Posted in FAA, Ferguson, First Amendment, First Amendment rights, Legal, Photographers' Rights, Recording Police, Visual Journalists | No Comments »
July 26th, 2014 by Alicia Calzada and tagged Arrest, first amendment, free speech, journalism, Legal, national press photographers association, NPPA, photographer, photography, police relations, recording, video
In an important ruling in Texas, a federal judge held that the right to record police activity is a clearly established right protected by the First Amendment.
In a civil rights lawsuit, Antonio Buehler alleged that his constitutional rights were violated when he was arrested by the Austin Police Department multiple times for taking pictures of police activities. Buehler was first arrested when he came upon a police scene at a gas station, where he began recording the arrest because he felt that excessive force was being used. After that arrest, he formed a group called the “Peaceful Streets Project” and began regularly documenting police activity. He was arrested again and again for documenting police activity, according to the lawsuit.
In an effort to get the lawsuit dismissed, the Austin Police Department claimed “qualified immunity” which protects state officials from suit. However, qualified immunity is not available if officials violate a clearly established constitutional right. In their argument, APD claimed that the right to photograph or videotape police officers “is not recognized as a constitutional right”.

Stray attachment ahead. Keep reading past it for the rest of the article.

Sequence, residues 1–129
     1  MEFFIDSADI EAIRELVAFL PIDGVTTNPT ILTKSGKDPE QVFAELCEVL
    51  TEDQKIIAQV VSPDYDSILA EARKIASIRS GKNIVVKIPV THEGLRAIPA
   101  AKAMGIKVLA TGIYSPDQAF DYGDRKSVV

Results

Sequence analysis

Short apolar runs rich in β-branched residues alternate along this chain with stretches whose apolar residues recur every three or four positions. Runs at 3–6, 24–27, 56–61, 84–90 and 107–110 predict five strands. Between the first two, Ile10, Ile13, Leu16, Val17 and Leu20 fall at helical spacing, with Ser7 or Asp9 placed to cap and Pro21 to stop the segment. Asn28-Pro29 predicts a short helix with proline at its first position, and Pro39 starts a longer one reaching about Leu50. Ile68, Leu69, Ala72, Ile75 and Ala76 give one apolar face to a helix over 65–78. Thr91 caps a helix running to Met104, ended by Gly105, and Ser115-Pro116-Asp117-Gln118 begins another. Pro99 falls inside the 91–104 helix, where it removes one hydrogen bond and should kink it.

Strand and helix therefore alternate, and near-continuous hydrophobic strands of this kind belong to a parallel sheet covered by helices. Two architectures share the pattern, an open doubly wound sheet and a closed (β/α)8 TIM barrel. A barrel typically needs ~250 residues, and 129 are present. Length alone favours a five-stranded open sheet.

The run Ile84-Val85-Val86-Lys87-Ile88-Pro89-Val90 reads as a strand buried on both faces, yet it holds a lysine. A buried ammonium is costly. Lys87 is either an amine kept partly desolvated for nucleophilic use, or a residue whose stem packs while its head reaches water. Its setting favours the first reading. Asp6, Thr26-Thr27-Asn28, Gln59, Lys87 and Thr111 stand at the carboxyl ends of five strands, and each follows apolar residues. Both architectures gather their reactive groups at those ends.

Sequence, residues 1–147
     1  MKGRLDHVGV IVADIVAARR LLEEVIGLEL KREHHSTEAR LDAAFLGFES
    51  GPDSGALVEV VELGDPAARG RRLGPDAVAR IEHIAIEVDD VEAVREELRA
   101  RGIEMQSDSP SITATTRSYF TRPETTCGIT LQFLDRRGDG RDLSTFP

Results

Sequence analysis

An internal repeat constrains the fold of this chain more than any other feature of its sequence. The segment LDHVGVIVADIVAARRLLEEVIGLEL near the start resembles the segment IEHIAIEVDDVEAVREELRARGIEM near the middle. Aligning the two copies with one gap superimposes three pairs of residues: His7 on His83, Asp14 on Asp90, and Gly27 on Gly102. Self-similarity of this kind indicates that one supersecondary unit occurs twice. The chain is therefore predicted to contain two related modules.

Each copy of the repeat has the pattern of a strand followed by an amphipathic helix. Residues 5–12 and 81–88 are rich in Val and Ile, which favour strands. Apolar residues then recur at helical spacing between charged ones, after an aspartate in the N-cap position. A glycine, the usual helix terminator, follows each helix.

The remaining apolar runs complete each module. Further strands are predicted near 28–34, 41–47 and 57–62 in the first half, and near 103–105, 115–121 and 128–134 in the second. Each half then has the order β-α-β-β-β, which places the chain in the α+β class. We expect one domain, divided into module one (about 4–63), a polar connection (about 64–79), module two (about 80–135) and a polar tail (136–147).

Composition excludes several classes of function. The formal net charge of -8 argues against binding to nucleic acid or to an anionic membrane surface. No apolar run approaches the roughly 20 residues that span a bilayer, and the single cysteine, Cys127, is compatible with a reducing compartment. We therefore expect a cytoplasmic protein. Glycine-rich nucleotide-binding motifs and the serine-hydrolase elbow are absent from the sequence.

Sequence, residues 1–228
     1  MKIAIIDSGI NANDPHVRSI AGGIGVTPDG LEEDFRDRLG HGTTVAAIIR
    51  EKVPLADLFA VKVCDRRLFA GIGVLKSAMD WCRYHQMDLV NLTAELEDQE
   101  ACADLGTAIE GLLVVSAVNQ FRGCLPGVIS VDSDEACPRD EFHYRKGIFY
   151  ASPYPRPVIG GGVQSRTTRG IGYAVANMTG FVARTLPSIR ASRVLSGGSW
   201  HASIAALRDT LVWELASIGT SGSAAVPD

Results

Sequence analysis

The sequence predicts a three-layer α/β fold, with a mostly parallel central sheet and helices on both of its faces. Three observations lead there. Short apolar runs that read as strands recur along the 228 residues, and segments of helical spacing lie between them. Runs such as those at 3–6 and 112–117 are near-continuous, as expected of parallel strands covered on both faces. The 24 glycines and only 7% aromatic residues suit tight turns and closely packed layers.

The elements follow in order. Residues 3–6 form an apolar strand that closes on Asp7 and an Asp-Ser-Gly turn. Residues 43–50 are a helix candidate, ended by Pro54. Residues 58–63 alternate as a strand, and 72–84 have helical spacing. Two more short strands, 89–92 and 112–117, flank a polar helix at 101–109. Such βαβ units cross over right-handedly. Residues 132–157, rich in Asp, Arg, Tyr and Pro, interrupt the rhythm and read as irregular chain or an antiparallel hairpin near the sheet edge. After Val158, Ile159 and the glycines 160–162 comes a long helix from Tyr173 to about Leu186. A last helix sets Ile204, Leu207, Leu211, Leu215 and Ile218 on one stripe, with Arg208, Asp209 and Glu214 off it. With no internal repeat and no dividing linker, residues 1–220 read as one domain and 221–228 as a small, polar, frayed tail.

In an order released Thursday, the federal judge in the case held that not only is there a constitutional right to document police officers, but that the right is clearly established. Magistrate Judge Mark Lane held that “the First Amendment protects the right to videotape police officers in the performance of their official duties, subject to reasonable time, place and manner restrictions.”
Continuing, the judge wrote:
If a person has the right to assemble in a public place, receive information on a matter of public concern, and make a record of that information for the purpose of disseminating that information, the ability to make photographic or video recording of that information is simply not a new or a revolutionary expansion of a historical right. Instead the photographic or video recording of public information is only a more modern and efficient method of exercising a clearly established right.
Buehler’s attorney, Daphne Silverman told NPPA, “Antonio and I are pleased with Judge Lane’s ruling upholding the First Amendment right to document police conduct. This is a win for the citizens and should be of no concern to honest police officers.”
The NPPA filed an amicus brief in the case last month in support of Buehler’s position, whose case will now go forward.
See also, http://www.mystatesman.com/news/news/crime-law/federal-judge-upholds-activist-antonio-buehlers-ri/ngnbp/
Posted in Austin Police, blogging, False Arrest, Federal Court, First Amendment, First Amendment rights, Lawsuit, Legal, National Press Photographers Association, NPPA, Photographers' Rights, photojournalism, Police, Recording Police | No Comments »